Dave Hirsch, a writer and an army veteran winds up in his small Indiana hometown, to the dismay of his respectable older brother. He meets and befriends various different characters and tries to figure out what to do with his life.
Joey Evans is charming, handsome, funny, talented, and a first class, A-number-one heel. When Joey meets the former chorus girl ("She used to be 'Vera...with the Vanishing Veils'") and now ... See full summary »
Montmartre, 1896: the Can-Can, the dance in which the women lift their skirts, is forbidden. Nevertheless Simone has it performed every day in her nightclub. Her employees use their female ... See full summary »
In this retelling of Gunga Din (1939) transplanted to the 1870's American West, three cavalry officers and a bugler work together to thwart a Native American chief intent on uniting local tribes against the white man.
Sammy Davis Jr.
Charlie Reader is a successful theater agent. He is also successful with young ladies. One day he is visited by his old friend Joe, married with three children. Joe falls in love with ... See full summary »
In the post-war, the alcoholic and bitter veteran military and former writer Dave Hirsch returns from Chicago to his hometown Parkman, Indiana. He is followed by Ginnie Moorehead, a vulgar and easy woman with whom he spent his last night in Chicago that has fallen in love with him. The resentful Dave meets his older brother Frank Hirsh, who owns a jewelry store and is a prominent citizen of Parkman that invites him to have dinner with his family. Dave meets his sister-in-law Agnes that hates him since one character of his novel had been visibly inspired on her, and his teenage niece Dawn. Frank introduces the school teacher Gwen French to him and Dave feels attracted by the beautiful woman that is daughter of his former Professor Robert Haven French and idolizes his work as writer. However, his unrequited love with Gwen drives Dave back to the local bar where he befriends the professional gambler Bama Dillert and meets Ginnie again with the Chicago's mobster Raymond Lanchak that was ... Written by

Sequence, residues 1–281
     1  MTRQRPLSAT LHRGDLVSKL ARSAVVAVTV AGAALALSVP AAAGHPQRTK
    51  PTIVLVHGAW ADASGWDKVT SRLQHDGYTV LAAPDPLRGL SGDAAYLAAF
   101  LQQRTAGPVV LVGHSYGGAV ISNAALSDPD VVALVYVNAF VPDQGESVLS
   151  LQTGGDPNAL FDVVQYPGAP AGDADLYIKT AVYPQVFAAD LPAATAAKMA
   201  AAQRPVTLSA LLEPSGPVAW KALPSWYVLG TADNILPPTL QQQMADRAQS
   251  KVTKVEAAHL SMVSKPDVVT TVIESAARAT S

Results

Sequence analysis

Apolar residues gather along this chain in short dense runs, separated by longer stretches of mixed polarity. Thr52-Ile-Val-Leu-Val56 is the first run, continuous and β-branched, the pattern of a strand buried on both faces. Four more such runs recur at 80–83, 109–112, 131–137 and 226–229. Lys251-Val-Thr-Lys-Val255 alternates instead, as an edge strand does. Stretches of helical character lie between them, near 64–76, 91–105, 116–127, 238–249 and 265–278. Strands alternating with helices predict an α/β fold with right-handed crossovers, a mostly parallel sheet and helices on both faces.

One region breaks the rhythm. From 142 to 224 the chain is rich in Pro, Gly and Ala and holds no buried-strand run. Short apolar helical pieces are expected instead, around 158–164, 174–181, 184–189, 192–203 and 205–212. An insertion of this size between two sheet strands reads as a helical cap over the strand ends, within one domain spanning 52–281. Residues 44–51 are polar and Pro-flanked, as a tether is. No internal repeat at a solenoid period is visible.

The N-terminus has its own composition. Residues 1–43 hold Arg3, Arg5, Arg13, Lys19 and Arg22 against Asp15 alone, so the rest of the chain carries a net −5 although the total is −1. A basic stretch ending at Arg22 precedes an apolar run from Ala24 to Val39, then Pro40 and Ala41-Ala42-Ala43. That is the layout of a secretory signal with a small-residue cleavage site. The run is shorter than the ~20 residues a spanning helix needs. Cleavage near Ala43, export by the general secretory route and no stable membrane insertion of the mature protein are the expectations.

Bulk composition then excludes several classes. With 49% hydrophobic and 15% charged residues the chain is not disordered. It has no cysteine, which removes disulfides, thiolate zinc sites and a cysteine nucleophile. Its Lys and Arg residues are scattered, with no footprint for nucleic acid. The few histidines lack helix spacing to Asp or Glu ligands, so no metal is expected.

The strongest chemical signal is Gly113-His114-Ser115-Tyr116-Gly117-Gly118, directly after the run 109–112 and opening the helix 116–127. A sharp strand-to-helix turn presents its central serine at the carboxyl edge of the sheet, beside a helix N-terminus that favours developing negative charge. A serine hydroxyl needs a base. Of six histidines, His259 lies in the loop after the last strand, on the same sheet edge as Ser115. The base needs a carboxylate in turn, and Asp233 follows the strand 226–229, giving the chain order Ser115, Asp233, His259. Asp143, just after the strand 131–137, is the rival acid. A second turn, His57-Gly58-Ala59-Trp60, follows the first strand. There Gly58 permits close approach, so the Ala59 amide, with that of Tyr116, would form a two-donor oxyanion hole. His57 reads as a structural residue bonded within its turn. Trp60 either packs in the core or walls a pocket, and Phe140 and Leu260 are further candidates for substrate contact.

Claudio Carvalho, Rio de Janeiro, Brazil
In the first poker scene, as Frank Sinatra's character is dealing cards to Dean Martin's character, Frank says, "Well, ain't that a kick in the head." Two years later Martin would record a song with that as the title, with lyrics written by Sammy Cahn, who also wrote, with Jimmy Van Heusen, the song "To Love and Be Loved" which is in the film's soundtrack and was nominated for an Oscar for best song. See more »
At the end, Jenny says she wants to go back and get her pillow; they never make it to her house. Nonetheless, in the final shot in the amusement park, there's the pillow. See more »
A little talent to a writer means about as much as a little talent to a brain surgeon.
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Vincente Minelli was a master at creating powerful cinematic imagery that made unforgettable many a film which, in other hands, might have been quite ordinary. So many aspects of the story he deals with in "Some Came Running" had to be compromised because of the censorship issues that governed movies of that era. This led to some very awkward scripting, suggesting but never explicitly spelling out much that was central to the story. As a result, the drama veers into a rather dated soap-opera feel from time to time.
The wonder of this picture lies in how the director draws consistently strong performances from his cast and then, using striking visual compositions, magical lighting, stunning use of color, delivers a startlingly powerful result. Like so many of his films, this is the sort of richly satisfying visual experience that you want to re-visit again and again.
Serious home theater buffs should loudly protest that such Minnelli masterpieces as "Some Came Running", Home from the Hill" and "Lust for Life" are still unreleased as widescreen DVD's. This seems so shamefully, incomprehensibly neglectful!
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